Scotland on Thursday appealed against three week bans imposed on Ross Ford and Jonny Gray that rule them out of the World Cup quarter-final against Australia.
The Scots — who face Australia on Sunday at Twickenham — judge the punishments were too severe on hooker Ford and lock Gray which would rule them out of the rest of the tournament.
Ford was accused of a dangerous tackle and Gray was said to have committed an illegal tip tackle during the 36-33 win that secured Scotland’s place in the quarter-finals last Saturday.
By contrast Argentina back Marcelo Bosch received a one week ban also on Tuesday for a tip tackle.
Both Ford and Gray — who partners his older brother Richie in the second row — denied the charges at their hearing in London on Tueday.
“Scottish Rugby will appeal against the suspensions issued to both Ross Ford and Jonny Gray,” said a Scottish Rugby Union statement.
“It will contest the length of suspensions given, following the Independent Citing Commissionerâ€™s review of the final Rugby World Cup Pool B match versus Samoa on Saturday 10 October and subsequent ruling by Judicial Officer Christopher Quinlan QC.
“Both players have exemplary records and are widely acknowledged as model professionals who play the game in the right spirit. Their actions had no malice or harmful intention.”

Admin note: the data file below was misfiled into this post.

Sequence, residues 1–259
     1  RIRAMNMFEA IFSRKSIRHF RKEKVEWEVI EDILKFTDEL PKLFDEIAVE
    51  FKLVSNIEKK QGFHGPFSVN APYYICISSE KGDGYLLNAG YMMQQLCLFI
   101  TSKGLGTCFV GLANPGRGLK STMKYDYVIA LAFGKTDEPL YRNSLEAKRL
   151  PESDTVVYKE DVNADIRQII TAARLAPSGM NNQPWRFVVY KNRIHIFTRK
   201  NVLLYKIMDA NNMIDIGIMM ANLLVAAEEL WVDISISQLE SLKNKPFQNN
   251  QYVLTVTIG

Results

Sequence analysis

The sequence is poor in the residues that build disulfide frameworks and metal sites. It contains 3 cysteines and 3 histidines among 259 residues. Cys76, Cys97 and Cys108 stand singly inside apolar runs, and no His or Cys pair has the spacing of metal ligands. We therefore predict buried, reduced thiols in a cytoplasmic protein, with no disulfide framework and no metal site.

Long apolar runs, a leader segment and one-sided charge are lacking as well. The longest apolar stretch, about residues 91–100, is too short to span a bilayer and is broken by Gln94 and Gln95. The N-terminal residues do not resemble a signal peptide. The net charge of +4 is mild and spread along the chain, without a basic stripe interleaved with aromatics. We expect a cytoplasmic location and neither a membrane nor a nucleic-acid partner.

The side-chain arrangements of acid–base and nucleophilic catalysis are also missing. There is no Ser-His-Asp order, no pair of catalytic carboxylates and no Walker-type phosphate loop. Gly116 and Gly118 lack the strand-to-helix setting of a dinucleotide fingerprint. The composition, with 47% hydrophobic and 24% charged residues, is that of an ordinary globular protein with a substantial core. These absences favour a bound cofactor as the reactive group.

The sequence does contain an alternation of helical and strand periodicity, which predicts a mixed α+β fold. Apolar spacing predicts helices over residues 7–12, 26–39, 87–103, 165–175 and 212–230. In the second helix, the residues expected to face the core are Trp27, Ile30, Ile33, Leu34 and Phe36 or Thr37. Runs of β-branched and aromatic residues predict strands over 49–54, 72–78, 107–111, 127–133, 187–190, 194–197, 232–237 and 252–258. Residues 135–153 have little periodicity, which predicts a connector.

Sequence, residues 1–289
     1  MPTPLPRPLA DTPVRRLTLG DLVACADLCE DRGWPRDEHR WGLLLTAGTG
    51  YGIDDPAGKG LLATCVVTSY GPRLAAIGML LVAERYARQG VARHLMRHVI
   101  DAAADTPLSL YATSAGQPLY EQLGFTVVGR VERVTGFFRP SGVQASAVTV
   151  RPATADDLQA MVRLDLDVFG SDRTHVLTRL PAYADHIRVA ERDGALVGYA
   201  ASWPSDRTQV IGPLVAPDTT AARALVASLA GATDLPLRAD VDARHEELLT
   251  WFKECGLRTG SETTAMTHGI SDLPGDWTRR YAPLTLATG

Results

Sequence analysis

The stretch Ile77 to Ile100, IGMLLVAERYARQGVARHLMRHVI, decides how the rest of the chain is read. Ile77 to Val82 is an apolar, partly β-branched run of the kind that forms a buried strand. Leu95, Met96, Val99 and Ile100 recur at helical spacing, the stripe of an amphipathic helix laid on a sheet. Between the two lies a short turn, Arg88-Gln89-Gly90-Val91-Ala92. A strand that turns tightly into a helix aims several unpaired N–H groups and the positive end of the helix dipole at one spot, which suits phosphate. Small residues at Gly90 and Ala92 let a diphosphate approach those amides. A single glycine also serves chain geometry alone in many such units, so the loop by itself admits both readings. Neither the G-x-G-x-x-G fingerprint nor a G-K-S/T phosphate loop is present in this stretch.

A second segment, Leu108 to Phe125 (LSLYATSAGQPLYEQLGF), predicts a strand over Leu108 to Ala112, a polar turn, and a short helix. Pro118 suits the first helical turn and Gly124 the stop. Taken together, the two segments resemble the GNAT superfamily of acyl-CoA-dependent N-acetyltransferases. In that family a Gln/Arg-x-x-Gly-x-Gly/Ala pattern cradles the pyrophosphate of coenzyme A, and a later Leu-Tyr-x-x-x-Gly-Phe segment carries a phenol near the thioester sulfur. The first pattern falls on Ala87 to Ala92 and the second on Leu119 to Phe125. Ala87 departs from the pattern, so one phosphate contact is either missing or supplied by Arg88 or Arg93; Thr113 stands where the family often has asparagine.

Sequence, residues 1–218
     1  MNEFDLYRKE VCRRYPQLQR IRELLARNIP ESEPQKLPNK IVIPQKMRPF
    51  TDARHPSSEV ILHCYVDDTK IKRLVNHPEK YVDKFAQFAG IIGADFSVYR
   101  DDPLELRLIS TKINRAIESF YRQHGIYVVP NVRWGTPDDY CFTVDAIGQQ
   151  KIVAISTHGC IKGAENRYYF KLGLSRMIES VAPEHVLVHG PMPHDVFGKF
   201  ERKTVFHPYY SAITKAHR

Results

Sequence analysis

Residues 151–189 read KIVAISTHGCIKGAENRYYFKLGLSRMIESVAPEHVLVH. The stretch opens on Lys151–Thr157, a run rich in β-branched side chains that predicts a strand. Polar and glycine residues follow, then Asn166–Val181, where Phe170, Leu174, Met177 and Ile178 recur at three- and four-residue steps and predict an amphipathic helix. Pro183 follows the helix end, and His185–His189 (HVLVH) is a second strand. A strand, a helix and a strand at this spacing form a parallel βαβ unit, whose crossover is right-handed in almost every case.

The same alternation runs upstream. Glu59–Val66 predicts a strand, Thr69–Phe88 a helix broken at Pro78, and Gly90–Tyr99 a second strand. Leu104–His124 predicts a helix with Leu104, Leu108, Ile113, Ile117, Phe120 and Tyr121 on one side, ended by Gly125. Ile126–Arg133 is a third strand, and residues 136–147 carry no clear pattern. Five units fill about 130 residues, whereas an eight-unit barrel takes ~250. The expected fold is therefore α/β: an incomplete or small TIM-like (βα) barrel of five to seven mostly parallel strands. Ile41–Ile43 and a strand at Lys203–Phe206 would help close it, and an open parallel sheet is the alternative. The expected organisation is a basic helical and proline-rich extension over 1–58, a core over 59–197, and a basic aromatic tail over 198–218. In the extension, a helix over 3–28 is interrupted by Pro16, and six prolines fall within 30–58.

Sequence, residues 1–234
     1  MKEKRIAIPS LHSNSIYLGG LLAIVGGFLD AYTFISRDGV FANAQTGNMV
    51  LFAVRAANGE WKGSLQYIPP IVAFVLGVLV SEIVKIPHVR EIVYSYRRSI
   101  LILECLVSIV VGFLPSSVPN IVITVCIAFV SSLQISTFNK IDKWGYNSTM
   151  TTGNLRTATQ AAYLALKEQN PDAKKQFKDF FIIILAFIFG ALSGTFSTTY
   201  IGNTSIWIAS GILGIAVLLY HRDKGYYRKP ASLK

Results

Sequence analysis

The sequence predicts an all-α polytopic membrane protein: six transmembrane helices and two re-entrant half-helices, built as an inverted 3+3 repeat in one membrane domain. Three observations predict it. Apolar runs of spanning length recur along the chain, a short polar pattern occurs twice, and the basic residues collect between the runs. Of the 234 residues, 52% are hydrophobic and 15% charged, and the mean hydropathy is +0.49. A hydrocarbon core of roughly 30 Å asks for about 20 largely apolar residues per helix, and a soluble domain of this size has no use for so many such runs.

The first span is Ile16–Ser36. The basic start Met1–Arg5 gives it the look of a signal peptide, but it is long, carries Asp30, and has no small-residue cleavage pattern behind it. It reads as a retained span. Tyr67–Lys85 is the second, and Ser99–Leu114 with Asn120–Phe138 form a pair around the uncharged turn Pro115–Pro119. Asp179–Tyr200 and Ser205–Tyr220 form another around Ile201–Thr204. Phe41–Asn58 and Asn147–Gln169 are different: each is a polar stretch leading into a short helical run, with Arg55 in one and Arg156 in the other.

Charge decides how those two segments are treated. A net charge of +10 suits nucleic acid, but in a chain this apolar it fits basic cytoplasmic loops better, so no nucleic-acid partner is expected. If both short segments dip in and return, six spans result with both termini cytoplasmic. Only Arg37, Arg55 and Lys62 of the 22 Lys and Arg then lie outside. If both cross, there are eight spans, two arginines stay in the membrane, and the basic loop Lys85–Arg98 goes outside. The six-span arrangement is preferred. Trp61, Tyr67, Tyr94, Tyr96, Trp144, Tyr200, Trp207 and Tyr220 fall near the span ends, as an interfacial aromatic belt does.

Details of the specific incidents have not been released, however judicial officer Christopher Quinlan ruled “each player committed an act of foul play contrary to law.
“Tackles involving a player being lifted off the ground and tipped horizontally and were then either forced or dropped to the ground must be dealt with severely by match officials and all those involved in the disciplinary process.”
Mark Dodson, the chief executive of the SRU, said he had even raised the matter with World Rugby chief executive Brett Gosper.
“We hold Ross and Jonny in very high regard and as a result will be launching a robust appeal to challenge their suspensions, which we feel are unduly harsh,” said Dodson.
“I have raised their case with Brett Gosper at World Rugby and asked for consistency in how such incidents are punished.
“It is clear other Unions are also seeking better clarity on the use of citing and the interpretation of how key areas of the game are scrutinised and the subsequent levels of punishment set.”